Most people do not enjoy the train ride back to New York City from a party-packed, summer weekend at Montauk, NY. I rarely shared in this common view.
Any train for me is a great space for focus. But the return trip from Montauk was always a specifically great time for me. It allowed me to return to my more scholastic self and actually move my neurons after a weekend of ‘apoptosis’ (“cell death”). 🙂
On one particular weekend in late July 2014, I had just boarded the NYC-bound train, and, right on cue, my typically talkative friend had fallen fast asleep into an audible pool of light music.
Excited, I proceeded to take out the July issue of the Atlantic magazine – one of my favorite publications.
There was a particular article that had caught my attention. It was the cover story called the “Power of Two” written by the journalist, Joshua Wolf Shenk.
The cover depicts Lennon and McCartney, side-by-side. I anticipated a great Beatles history and what was so special about these two. But what I got was a much bigger idea.
The idea was that two specific people, together, both conscious and subconsciously, by way of differences and similarities, push and pull, being near and trusting each other, can create together, and individually, a greater whole.
They, in fact, become a “whole” of sorts. And through that, paradoxically, they become themselves.
By the end of the train ride, emotional and tear-welled, only one person came to my mind: my brother.
I thought instantly of my brother, Jordy.
When I got back to New York, I made sure to save the magazine (I still have it, 3 years later). I also purchased the book Shenk wrote about the same topic (referenced below).
I knew I would use it to write something to him – maybe my best-man speech at his wedding or something like that.
Welp – perhaps I will work it in later on – but today, on his 33rd birthday, I decided to, perhaps prematurely, “break out the fine china.”
Two of a Kind
“Sometimes you meet someone who could change your life. Sometimes you feel that possibility. The sense that, in the presence of this celestial body, you fall into a new orbit; that the ground beneath you is more like a trampoline; that you may be able—with this new person—to create things more beautiful and useful, more fantastic and more real, than you ever could before.”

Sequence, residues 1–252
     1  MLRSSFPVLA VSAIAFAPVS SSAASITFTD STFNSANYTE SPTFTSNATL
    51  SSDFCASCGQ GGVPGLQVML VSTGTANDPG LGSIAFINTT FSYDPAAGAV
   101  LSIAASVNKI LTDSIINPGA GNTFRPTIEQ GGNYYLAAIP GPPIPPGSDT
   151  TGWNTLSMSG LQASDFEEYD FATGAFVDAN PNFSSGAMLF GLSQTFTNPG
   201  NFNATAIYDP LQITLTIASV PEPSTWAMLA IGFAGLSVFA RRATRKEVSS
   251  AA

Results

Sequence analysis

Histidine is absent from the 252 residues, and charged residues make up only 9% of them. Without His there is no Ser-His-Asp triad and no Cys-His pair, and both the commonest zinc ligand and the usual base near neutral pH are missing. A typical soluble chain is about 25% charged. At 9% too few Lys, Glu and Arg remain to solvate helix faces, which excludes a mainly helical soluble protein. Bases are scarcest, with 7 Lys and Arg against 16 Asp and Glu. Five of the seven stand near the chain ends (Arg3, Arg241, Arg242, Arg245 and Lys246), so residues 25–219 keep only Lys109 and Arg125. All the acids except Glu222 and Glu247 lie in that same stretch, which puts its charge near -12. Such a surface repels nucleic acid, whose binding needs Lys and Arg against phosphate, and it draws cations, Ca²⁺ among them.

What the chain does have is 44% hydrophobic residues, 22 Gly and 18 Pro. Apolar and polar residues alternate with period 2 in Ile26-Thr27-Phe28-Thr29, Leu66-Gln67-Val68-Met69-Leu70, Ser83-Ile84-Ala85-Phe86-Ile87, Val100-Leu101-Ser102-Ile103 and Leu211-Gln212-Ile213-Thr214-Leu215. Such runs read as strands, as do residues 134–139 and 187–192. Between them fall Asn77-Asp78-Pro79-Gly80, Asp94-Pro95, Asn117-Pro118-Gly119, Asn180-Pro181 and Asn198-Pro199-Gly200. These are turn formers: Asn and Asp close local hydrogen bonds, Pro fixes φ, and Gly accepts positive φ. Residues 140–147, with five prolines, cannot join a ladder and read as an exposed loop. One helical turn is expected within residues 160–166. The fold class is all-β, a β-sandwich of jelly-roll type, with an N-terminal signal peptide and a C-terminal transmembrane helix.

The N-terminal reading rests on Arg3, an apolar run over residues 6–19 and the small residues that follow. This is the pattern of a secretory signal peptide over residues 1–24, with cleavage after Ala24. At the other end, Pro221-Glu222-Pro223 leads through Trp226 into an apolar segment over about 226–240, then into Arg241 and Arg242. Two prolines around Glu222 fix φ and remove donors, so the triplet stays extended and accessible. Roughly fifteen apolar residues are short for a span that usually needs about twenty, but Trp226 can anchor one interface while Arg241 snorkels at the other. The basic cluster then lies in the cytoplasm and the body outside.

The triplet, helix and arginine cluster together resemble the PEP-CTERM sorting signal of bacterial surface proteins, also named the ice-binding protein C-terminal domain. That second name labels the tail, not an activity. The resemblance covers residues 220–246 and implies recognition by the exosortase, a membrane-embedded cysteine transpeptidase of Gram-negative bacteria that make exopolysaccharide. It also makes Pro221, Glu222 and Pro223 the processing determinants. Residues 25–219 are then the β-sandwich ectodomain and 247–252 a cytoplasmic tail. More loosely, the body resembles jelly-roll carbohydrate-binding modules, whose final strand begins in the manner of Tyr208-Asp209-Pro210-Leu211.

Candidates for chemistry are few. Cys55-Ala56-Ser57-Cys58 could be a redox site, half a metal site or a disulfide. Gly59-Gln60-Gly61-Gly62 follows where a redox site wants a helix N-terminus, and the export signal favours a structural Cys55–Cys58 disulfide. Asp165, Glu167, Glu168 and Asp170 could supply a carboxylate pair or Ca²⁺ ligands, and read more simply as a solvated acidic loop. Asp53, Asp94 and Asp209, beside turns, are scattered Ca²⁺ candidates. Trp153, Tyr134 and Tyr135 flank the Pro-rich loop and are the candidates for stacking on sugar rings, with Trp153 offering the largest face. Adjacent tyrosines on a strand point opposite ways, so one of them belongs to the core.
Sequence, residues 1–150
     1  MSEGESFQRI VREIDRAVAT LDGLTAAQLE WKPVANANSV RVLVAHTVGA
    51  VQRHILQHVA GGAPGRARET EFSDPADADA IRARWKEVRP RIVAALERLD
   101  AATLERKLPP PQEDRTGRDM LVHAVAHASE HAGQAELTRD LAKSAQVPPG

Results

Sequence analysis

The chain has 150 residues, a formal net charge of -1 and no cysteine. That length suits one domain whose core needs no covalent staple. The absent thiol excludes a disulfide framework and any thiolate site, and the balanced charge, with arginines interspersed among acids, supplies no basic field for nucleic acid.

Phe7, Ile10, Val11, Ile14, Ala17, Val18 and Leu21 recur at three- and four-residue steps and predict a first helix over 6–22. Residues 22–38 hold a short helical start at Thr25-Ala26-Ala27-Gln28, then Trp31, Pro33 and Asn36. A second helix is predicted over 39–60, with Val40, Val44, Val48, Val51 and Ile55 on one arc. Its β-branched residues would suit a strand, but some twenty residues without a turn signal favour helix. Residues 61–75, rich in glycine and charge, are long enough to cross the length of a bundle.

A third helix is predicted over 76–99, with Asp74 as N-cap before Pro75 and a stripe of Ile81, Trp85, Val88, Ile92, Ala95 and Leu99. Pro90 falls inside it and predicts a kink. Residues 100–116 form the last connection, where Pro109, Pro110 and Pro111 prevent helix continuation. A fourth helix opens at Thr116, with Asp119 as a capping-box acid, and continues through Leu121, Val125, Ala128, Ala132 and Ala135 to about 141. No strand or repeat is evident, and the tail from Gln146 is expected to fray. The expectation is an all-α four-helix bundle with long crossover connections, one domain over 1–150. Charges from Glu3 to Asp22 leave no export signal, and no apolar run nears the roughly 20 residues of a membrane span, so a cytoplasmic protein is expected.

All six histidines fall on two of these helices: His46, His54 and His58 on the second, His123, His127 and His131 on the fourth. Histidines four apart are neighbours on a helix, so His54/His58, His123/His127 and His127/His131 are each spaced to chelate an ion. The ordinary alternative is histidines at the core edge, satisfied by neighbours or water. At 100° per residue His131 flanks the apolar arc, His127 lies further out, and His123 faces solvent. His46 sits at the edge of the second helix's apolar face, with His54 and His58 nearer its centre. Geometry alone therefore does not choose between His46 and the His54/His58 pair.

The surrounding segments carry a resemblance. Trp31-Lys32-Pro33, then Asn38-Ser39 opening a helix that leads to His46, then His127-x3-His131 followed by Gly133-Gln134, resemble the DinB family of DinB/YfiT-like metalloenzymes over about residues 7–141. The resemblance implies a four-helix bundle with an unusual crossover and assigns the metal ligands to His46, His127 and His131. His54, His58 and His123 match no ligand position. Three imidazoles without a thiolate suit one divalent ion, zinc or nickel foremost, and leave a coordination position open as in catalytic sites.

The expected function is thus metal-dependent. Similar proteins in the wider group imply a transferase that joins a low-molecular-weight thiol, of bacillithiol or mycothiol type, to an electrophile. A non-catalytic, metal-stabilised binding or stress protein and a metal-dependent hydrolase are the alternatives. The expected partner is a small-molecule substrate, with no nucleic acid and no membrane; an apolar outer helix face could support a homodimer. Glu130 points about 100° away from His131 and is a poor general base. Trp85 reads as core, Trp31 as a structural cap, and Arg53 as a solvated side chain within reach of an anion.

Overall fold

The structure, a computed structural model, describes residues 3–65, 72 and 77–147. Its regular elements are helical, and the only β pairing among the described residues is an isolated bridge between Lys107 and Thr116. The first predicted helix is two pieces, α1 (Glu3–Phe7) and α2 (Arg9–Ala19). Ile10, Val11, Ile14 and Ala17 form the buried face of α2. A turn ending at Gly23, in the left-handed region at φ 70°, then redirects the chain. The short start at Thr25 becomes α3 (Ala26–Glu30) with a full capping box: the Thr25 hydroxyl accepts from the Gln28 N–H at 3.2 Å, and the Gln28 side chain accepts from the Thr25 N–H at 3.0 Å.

This is how Shenk starts off his book. A fitting phrase for me and Jord.
Of course, Jordy and I didn’t just “meet” like that. I was lucky enough to be born into the family.
As far back as I can remember, we did everything together. Sports, eating, joking, video games, watching movies, riding bikes, going to summer camp.
And over time, we developed what became much more than a kinship. We had our own worlds; our own language. It was like we were in our own movie.
It would be very typical for us to depend on each other to remember little pieces of each other’s lives or of movies or experiences, and be able to summon them when the other beckoned.
Malcolm Gladwell, in his book, The Tipping Point, taught us how collective conscious works. He explained what psychologists have known for decades – that two people, between them, can hold more information and the sum of the two separated.
There is a collective remembering. It is called “transactive memory.”
Gladwell uses it to describe how ideas flow quickly from one person to another:
“What that associate is talking about is the psychological preconditions for transactive memory: it’s knowing someone well enough to know what they know, and knowing them well enough so that you can trust them to know things in their specialty. It’s the re-creation, on an organization-wide level, of the kind of intimacy and trust that exists in a family.”
For Gladwell, this was about idea flow.
For me and Jordy, there was no goal. No intent.
Well, other than fun.
Many more times than either of us can probably recall (or maybe the other one can), we have put the other on the spot, referring to some obscure phrase in a Jim Carey movie, or a certain thing a relative use to say 25 years ago.
And with barely a hint, the other one draws it out of thin air.
It’s exhilarating every time. We congratulate each other and snicker. We wonder how it is that the other was able to remember.
But that’s easy – because we depend on one another.
We also have our own language.
When my brother and I talk, it is almost as if we have our own dialect. We speak in a jumble of movie quotes, inside jokes, voices, laughs, references, and rhetoric.[In fact, I’ve planted many insiders here throughout – try to decipher at your own risk].
To an outsider, this typically sounds like gibberish; something foreign.
To us, it merely feels like home.
It’s as the two founders of Sony were described by kin:
“we had no idea what they were saying . . . It was gibberish to us, but they were understanding each other.”
Shenk explains this phenomenon in the book. Psychologists call it “tacit knowledge.”
“Widely understood as a key to human interaction—maybe even the DNA of interpersonal exchange—it depends on firsthand observation and interaction: sifting through the slowly accruing sediment of mutual experience.”
“In the peak years, two members of a pair don’t just speak similarly; they speak together.”
We are each other’s interpreters.
We will be in a group of people – even sometimes our friends. But we don’t change.
There is no face put on merely because others are there – even if they wear suits and have fancy titles or big bank accounts.